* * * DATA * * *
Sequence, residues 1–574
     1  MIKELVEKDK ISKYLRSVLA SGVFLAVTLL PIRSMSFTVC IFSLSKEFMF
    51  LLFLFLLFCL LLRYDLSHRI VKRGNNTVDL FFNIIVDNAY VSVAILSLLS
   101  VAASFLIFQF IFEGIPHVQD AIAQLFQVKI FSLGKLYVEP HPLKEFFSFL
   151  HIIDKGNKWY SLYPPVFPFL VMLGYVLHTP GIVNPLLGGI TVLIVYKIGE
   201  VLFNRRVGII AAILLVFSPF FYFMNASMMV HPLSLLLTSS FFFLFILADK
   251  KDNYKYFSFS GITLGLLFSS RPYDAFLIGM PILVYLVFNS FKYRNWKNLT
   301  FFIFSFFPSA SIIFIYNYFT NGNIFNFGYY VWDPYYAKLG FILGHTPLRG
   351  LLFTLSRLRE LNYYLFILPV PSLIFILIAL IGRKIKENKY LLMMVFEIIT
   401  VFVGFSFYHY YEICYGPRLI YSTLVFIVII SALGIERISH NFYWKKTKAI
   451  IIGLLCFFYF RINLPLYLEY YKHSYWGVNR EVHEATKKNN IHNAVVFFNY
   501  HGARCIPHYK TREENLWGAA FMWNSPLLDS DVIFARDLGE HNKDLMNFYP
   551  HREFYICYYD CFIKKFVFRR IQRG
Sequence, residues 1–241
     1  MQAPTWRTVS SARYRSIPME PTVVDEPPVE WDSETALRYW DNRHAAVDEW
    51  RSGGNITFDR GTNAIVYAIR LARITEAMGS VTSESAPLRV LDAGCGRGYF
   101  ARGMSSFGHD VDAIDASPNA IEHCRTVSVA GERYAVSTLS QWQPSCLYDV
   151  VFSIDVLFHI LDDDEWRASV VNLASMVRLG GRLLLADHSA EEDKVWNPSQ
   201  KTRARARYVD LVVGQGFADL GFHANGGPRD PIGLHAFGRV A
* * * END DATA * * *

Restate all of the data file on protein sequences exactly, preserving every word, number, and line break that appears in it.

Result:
Sequence, residues 1–574
     1  MIKELVEKDK ISKYLRSVLA SGVFLAVTLL PIRSMSFTVC IFSLSKEFMF
    51  LLFLFLLFCL LLRYDLSHRI VKRGNNTVDL FFNIIVDNAY VSVAILSLLS
   101  VAASFLIFQF IFEGIPHVQD AIAQLFQVKI FSLGKLYVEP HPLKEFFSFL
   151  HIIDKGNKWY SLYPPVFPFL VMLGYVLHTP GIVNPLLGGI TVLIVYKIGE
   201  VLFNRRVGII AAILLVFSPF FYFMNASMMV HPLSLLLTSS FFFLFILADK
   251  KDNYKYFSFS GITLGLLFSS RPYDAFLIGM PILVYLVFNS FKYRNWKNLT
   301  FFIFSFFPSA SIIFIYNYFT NGNIFNFGYY VWDPYYAKLG FILGHTPLRG
   351  LLFTLSRLRE LNYYLFILPV PSLIFILIAL IGRKIKENKY LLMMVFEIIT
   401  VFVGFSFYHY YEICYGPRLI YSTLVFIVII SALGIERISH NFYWKKTKAI
   451  IIGLLCFFYF RINLPLYLEY YKHSYWGVNR EVHEATKKNN IHNAVVFFNY
   501  HGARCIPHYK TREENLWGAA FMWNSPLLDS DVIFARDLGE HNKDLMNFYP
   551  HREFYICYYD CFIKKFVFRR IQRG
Sequence, residues 1–241
     1  MQAPTWRTVS SARYRSIPME PTVVDEPPVE WDSETALRYW DNRHAAVDEW
    51  RSGGNITFDR GTNAIVYAIR LARITEAMGS VTSESAPLRV LDAGCGRGYF
   101  ARGMSSFGHD VDAIDASPNA IEHCRTVSVA GERYAVSTLS QWQPSCLYDV
   151  VFSIDVLFHI LDDDEWRASV VNLASMVRLG GRLLLADHSA EEDKVWNPSQ
   201  KTRARARYVD LVVGQGFADL GFHANGGPRD PIGLHAFGRV A